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Is there a problem with the Italian rappers' merchandising?

It's about the quality of the garments and the designs

Is there a problem with the Italian rappers' merchandising? It's about the quality of the garments and the designs

Fashion and the world of hip hop have long been two intertwined environments that influence each other. Artists are affected, their records are affected, and the promotion of the latter is no less. If in the past we had grown up with the idea that a singer's merch was limited to what was sold on stalls outside concerts, today things have changed dramatically. Of course, it all started in the United States when Kanye West, on the occasion of his first albums, formed collaborations with BAPE and Fragment Design, thus making the t-shirts designed for the promotion of his records and tours very exclusive and highly sought-after in the reselling world. It went from there to the merch inspired by Riccardo Tisci for the Watch The Throne tour, or the designs conceived by Virgil Abloh for the hoodies and tees of the merch for Travis Scott's Birds in the Trap Sing McKnight tour. Gone were the days when fans just listened to their favorite artists; now they wanted to dress them up as well.

For their part, Italian rappers have always had their own merchandising but without consistently targeting it. In the past, for example, we had the "I hate Fabri Fibra" shirt, but it was with the explosion of trap that names like Sfera Ebbasta and Ghali began to look with interest at the merchandising market and the possibilities it offered. Thus BHMG and STO Clothing were born, not forgetting the partnerships with KFC, Evisu, and Benetton that came later. From 2016 onward, making a self-produced clothing line had become an essential step for any rapper coming out with a new record, a natural reflection of the explosion of streetwear, which was seeing its peak of maximum fame at that time. In addition to the aforementioned names, other rappers also decided to focus on clothing and merch lines: the Dark Polo Gang founded its Triple Seven Wear brand, while members of Lovegang had done the same with their eponymous brand. Hidden in all this succession of shirts and hoodies, however, is what remains a major problem to this day: the merch of Italian rappers always seems listless, in few cases designed to add something more beyond representing the album or live show of the day.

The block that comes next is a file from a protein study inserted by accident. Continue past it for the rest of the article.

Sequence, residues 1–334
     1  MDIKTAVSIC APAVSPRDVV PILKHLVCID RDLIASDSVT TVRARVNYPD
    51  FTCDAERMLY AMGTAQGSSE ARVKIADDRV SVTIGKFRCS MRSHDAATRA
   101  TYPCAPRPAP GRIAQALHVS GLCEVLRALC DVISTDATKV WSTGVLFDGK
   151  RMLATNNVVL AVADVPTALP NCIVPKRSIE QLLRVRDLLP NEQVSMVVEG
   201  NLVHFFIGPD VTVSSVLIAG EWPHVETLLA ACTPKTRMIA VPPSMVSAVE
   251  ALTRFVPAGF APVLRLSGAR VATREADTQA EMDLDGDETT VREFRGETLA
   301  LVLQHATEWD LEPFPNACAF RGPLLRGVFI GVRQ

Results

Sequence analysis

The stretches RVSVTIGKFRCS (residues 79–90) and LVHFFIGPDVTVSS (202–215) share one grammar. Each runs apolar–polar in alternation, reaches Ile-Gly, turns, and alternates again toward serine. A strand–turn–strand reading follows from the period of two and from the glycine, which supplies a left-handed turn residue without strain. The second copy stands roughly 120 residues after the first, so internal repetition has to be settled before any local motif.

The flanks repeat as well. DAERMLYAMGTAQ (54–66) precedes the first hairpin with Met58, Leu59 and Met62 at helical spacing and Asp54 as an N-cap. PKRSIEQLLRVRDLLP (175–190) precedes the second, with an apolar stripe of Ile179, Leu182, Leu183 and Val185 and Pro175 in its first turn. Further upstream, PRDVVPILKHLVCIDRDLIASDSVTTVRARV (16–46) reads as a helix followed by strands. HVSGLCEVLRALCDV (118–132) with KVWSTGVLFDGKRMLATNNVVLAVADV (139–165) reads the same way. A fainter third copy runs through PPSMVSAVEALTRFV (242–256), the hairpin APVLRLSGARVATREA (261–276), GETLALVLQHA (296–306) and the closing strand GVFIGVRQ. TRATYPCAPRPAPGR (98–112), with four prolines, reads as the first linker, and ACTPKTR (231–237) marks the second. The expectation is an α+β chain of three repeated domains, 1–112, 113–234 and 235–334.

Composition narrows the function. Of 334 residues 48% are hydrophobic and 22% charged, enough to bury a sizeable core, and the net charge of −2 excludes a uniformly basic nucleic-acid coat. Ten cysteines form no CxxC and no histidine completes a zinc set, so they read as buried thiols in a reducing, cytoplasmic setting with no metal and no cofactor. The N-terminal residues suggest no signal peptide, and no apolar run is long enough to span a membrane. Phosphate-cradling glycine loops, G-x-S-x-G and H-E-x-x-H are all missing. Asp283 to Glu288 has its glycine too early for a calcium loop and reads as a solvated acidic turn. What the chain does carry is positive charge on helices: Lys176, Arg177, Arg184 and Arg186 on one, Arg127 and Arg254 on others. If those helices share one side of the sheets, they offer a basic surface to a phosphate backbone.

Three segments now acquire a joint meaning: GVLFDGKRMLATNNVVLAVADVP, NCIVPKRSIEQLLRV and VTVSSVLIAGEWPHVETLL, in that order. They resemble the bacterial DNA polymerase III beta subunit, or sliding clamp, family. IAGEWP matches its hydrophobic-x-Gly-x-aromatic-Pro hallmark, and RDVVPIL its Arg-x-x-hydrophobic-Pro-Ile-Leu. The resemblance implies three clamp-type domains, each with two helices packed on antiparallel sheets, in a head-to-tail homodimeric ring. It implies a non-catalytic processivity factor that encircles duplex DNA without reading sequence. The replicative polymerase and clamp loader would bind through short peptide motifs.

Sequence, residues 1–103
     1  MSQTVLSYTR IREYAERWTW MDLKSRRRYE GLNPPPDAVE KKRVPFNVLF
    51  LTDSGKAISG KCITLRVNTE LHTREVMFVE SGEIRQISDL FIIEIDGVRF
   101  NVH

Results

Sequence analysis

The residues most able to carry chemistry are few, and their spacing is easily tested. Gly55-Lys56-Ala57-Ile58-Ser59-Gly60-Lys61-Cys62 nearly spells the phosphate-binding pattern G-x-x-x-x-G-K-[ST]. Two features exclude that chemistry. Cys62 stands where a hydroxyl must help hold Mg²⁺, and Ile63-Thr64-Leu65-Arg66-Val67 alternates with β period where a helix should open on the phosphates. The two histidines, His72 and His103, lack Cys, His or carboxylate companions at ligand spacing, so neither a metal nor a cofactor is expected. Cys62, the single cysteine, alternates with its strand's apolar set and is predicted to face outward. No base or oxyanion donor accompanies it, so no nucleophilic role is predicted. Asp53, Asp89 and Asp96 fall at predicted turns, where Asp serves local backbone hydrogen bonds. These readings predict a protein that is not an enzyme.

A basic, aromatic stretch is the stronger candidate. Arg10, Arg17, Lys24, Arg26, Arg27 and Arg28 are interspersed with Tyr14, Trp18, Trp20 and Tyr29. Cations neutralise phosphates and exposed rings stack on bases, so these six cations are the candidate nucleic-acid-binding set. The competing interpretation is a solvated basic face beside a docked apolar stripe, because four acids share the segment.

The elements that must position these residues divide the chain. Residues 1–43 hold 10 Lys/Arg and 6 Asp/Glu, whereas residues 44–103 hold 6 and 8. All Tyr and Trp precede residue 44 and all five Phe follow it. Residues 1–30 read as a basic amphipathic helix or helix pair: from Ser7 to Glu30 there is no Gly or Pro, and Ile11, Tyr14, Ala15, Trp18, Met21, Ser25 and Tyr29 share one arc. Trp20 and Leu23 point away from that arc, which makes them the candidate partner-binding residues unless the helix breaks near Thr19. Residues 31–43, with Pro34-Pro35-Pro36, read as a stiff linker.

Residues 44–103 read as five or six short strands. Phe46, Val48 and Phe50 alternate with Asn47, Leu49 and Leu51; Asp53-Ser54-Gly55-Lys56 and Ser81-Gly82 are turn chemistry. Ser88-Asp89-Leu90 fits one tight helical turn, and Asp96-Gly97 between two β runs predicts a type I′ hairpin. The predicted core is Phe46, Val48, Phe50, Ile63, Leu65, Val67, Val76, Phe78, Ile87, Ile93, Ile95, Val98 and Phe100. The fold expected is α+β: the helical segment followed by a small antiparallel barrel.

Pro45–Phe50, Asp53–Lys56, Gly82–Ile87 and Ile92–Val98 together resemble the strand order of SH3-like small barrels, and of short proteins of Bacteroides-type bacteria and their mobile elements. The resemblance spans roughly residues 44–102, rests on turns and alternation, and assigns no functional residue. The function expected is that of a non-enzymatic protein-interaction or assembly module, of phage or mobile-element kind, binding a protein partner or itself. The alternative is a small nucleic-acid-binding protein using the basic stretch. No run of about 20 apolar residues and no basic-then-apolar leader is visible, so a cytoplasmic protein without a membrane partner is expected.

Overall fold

Right now, the merch of Italian rappers seems to be all the same with all too obvious inspirations from that of their American colleagues. A problem that is not limited to design, but reaches as far as the quality of the garments and the prices, which are far too high. Of course, there are exceptions, like with Mecna or the aforementioned Dark Polo Gang, which has even joined forces with Kappa for some collaborative drops. Isolated cases, however, make us wonder if Italian rappers should rethink their merch. A question whose answer, unexpectedly, is no. The numbers prove them right, given the speed with which the items put on sale go sold out. It comes naturally then to think that for the Italian public a rapper's merchandise is nothing more than an heirloom to be kept as a souvenir, to be worn at most to go to the same artist's concert. Fans are content and rappers do not need to make more effort. Yet this shows how far the Italian rap fanbase, the merch of an (Italian) rapper is not something that can be taken seriously. If it is okay to go out on a Saturday night with a Travis Scott hoodie from the Astroworld tour, the same evidence cannot be said for a Sfera Ebbasta brand T-shirt. There is a flaw in the narrative of hip hop in Italy. The dilemma is: does it depend on the artists or their fans?